kitschy irony, still wore T-shirts received as Bar Mitzvah party favors."
Years later, when Oppenheimer took a job as a religion writer for the Hartford
Courant, he absorbed even more knowledge about Judaism from rabbis and Jewish
scholars, further whetting his appetite as a "journalist, historian, Jew." It
was then he decided he "wanted to investigate the wild and growing popularity
of b'nai mitzvah." That is not to say, as he is careful to note, that he wanted
to study to become a bar mitzvah. Why would he? When Oppenheimer's journey begins
in New York, he's sneaking into swank Scarsdale synagogues and ritzy receptions
at Manhattan hotels -- gaudy, excessive spectacles thrown by parents who seem
more intent on impressing friends and colleagues than celebrating their Jewish
children's rites of passage into adulthood. Not exactly the stuff of religious
Oppenheimer can barely contain his grief -- at times, awestruck revulsion --
at events like these. While that may seem predictable, the thing that really
riles him is sitting through b'nai mitzvah ceremonies that hijack the Jewish
Sabbath (Shabbos) morning services. The rabbis often cut short the usual rituals
at the expense of the regular congregants to accommodate the guests of honor.
"By robbing the day of its central purposes, communal prayer and public
Torah reading," writes Oppenheimer, "b'nai mitzvah's heightened importance
within the Jewish community actually seemed to cripple the ritual's religious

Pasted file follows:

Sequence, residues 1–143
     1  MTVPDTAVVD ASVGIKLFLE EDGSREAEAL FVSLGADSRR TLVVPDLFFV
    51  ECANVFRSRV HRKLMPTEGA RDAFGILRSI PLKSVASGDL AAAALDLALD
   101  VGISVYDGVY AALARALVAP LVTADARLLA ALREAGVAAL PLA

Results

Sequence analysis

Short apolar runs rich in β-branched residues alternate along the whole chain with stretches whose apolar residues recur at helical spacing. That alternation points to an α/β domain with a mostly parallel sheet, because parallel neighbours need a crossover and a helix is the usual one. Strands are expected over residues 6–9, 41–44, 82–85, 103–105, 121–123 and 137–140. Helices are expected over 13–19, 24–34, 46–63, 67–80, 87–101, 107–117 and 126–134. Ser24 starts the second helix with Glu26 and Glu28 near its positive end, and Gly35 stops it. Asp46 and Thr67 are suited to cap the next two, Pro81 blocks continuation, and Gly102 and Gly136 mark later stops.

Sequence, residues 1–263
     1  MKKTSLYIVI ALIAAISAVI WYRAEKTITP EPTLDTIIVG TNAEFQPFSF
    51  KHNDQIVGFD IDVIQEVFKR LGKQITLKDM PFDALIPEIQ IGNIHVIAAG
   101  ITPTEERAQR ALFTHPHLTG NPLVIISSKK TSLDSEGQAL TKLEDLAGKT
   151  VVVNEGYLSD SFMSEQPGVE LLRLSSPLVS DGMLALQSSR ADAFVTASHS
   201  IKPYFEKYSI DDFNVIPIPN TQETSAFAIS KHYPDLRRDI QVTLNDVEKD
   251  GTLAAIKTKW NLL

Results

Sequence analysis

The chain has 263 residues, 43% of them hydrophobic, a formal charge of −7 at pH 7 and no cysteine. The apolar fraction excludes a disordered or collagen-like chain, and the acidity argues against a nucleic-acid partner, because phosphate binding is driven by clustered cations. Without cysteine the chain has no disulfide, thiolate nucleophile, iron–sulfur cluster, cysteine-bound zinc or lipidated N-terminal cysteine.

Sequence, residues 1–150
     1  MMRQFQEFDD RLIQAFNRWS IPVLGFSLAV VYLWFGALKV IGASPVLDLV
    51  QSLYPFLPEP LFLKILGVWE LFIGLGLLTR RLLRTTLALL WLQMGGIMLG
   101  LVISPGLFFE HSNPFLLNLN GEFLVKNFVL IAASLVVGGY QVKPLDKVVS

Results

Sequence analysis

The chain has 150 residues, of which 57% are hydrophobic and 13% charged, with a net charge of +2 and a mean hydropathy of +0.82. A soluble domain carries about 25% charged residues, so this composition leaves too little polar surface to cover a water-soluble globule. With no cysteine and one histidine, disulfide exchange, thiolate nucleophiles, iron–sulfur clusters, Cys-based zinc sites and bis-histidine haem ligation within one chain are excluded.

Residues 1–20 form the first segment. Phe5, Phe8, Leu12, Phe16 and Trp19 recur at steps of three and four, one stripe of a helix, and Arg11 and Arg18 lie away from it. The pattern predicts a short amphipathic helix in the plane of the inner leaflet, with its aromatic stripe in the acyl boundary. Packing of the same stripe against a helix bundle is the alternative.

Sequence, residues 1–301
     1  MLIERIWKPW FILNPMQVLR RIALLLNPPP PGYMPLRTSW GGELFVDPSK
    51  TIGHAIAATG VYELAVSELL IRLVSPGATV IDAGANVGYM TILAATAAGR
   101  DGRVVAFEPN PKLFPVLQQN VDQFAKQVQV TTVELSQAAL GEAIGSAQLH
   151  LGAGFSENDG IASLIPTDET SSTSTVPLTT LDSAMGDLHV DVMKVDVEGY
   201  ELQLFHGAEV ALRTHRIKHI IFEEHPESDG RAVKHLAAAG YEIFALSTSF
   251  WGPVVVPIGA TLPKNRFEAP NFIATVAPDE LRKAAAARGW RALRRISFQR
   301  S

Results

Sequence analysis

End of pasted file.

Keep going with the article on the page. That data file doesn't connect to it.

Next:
potential ... The first Torah service a young man or woman takes part in is
not a true Torah service at all, but a reasonable facsimile of one ... the child
is guaranteed success for an audience of invited friends and relatives."
It especially infuriates Oppenheimer because so many of these families join
the synagogue on a short-term, opportunistic basis, becoming members a year
or two before their child's bar or bat mitzvah, with no interest in engaging
spiritually or communally with the congregation. In fact, most of them don't
renew their memberships once their children complete their rites of passage.
After the ceremonies, Oppenheimer follows the guests to the over-the-top b'nai
mitzvah parties, which are fully staffed with DJs, tarot card readers, bartenders,
caricaturists. Some of the receptions have "party motivators" -- people
hired to "chat up the guests at cocktail hour, often engaging the boys
and girls in flirtatious -- but not too flirtatious -- conversation, and then
dance, dance, dance when the music starts to play." He even attends a couple
of bar and bat mitzvah party expos in Teaneck, N.J., and Greenwich, Conn., to
take note of the latest cultural trends in the realms of photography, entertainment
and catering. "The saddest thing about the party culture," he writes,
"is not that it is lavish, but that it can affect a self-perpetuating ubiquity
and a sense of helplessness. A family is still free to do its own decorating,